Keep school open: council
City councillors' considerable weight has been thrown behind Barrie Central Collegiate.
They told the Simcoe County District School Board, in no uncertain terms, Monday that they unanimously don't support the downtown high school's closure.
"It really affects all families that are part of the public school board," said Coun. Lynn Strachan. "Parents of every child in Grades 5 or 6, you are looking at sending your child to an overcrowded school."
Board administrators have made public an option to close Central in 2012, redistribute its 900 to 1,000 students to the city's four other high schools -- Barrie North Collegiate, Bear Creek, Eastview and Innisdale -- all of which are over-capacity now -- and apply for funding for a new southend school.
"A whole generation of students could be educated in portables and that should concern all of us," said Coun. John Brassard.
Strachan is a voting member of the accommodation review committee (ARC), which will make a recommendation by March 2. The school board can accept that choice, take the staff option, or come up with its own alternative.
But if the trustees decide to close Central, city planning staff say a school site in Barrie's southend, in the former Innisfil lands, won't be open and operating until the fall of 2018 at the earliest.
"The implications of what they (school trustees) do with Central will impact each and every one of us in our wards," said Coun. Michael Prowse. "It doesn't affect one school and the city centre. It affects the whole city."
The next ARC public meeting takes place tonight from 7 p.m. to 9 p.m. in Barrie Central's Fisher Auditorium. Barrie Mayor Jeff Lehman, Progressive Conservative candidate Rod Jackson, Alix Markman, Shelly Wright, Lisa Markov and Dr. Werner Fabian will all make delegations.
During its last meeting before the Christmas holidays, on Dec. 13, council invited trustees and administration to a future meeting to discuss issues pertaining to Barrie schools.
Debra Edwards, chairwoman of the school board, said this wouldn't happen.
"We are not able to send a representative to a council meeting to discuss 'issues pertaining to schools in Barrie' while the current accommodation review process is proceeding for Barrie high schools," she told the city.
Edwards said it's her understanding that Strachan is updating council on this matter.
Coun. Barry Ward said he was extremely disappointed with this response.
"One of the issues we talked about is poor communication," he said. "The letter (from Edwards) says we will keep that poor communication going."
The school board has also instructed its staff to pursue partners to enhance a business case to rebuild or repair Central -- but it must change the economics of the site to be a viable option. City staff have now provided information on potential partners and funding models to be explored by the board to maintain a downtown high school.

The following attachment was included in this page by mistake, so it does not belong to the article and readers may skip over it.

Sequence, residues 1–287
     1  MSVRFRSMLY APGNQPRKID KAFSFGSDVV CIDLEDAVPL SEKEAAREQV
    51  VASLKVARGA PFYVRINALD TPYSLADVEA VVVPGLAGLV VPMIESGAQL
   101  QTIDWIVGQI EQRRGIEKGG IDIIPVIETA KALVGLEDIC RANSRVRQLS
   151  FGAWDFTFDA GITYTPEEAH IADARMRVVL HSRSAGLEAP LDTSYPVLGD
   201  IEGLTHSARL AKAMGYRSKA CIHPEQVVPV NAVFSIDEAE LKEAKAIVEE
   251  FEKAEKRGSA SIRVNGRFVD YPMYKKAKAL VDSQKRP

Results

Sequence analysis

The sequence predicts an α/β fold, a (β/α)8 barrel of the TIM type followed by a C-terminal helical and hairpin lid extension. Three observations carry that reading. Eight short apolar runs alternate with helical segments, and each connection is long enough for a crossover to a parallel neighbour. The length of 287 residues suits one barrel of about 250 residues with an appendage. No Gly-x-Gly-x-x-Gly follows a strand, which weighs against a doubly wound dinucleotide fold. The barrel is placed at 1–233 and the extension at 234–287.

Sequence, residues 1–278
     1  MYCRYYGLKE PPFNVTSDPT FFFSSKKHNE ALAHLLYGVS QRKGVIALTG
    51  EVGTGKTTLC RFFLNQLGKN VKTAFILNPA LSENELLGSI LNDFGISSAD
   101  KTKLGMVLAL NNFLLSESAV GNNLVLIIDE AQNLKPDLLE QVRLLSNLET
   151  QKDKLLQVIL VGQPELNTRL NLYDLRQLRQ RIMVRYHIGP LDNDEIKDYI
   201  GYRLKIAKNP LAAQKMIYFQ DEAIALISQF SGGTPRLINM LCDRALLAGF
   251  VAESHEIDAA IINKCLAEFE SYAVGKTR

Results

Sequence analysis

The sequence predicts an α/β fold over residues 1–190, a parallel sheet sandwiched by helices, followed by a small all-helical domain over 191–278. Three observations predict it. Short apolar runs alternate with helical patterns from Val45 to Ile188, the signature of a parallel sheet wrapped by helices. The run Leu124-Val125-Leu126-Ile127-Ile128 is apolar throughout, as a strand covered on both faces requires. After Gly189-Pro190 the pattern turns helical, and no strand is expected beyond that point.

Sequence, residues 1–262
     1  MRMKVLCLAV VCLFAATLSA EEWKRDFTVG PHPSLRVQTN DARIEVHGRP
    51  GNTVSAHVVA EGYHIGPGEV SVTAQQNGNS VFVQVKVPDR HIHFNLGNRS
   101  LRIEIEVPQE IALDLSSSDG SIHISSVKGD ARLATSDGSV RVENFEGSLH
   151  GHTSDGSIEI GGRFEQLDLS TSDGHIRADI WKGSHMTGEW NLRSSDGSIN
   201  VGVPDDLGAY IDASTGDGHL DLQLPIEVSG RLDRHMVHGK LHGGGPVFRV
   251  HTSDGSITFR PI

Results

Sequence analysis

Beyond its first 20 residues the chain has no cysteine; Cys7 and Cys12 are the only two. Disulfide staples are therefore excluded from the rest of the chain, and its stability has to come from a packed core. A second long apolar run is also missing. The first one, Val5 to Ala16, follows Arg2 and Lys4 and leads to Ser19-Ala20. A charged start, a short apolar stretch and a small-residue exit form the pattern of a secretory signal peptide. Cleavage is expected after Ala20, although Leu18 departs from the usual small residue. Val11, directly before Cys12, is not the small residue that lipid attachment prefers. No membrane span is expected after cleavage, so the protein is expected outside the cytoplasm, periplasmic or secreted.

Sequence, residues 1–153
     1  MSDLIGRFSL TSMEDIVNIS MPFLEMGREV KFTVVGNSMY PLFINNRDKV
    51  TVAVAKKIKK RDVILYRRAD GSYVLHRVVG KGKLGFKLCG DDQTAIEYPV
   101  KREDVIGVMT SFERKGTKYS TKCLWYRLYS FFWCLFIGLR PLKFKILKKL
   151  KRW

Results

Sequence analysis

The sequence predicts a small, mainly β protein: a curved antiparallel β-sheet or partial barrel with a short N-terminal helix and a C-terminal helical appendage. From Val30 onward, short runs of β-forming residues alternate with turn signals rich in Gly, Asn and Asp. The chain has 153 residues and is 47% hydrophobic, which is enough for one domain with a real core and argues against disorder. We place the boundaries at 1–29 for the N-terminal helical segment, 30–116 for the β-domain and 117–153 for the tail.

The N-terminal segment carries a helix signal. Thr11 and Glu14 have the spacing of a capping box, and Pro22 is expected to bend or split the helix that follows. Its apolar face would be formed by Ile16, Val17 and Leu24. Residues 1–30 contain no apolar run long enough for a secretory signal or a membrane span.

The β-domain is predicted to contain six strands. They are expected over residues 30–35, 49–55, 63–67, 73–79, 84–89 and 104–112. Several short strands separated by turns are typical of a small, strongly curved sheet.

Lehman said the city has found four interested partners.
Mady Development, which has projects in the downtown, has offered its assistance in redeveloping Barrie Central.
Mark Vosylius, of Mady, said its people could meet with board officials to discuss a private/public partnership to replace the downtown high school -- a facility which could stand alone or be integrated into larger, mixed-use development.
"It would be a great loss to (the) downtown should Barrie Central Collegiate Institute close its doors," Vosylius told the school board.
But Strachan said there have been no talks yet with the school board about these opportunities.
"We're asking the school board to defer a decision, to wait and see what happens with some of these other plans we have," she said. "There are so many unanswered questions. But one thing that is clear is that schools are essential to creating neighbour-hoods."
The city is already making efforts to revitalize its core area -- rebuilding the Downtown Community Theatre, building a new fire station, is actively seeking a partner for a new hotel/convention centre, has reconstructed and improved area roads and approved more intensive residential development near the waterfront.
Ontario's Places to Grow plan also designates central Barrie as an urban growth centre, a complete community.
The motion passed by councillors Monday is to be sent to all the local and provincial players, and they will be asked where they stand on this matter. The mailing list includes Liberal Premier Dalton McGuinty and Progressive Conservative leader Tim Hudak.
"I think we have a real opportunity here, there is a provincial election coming," said Brassard. "We need to hold their feet to the fire here, so they know how important this is to the city of Barrie.
"Make this a political issue."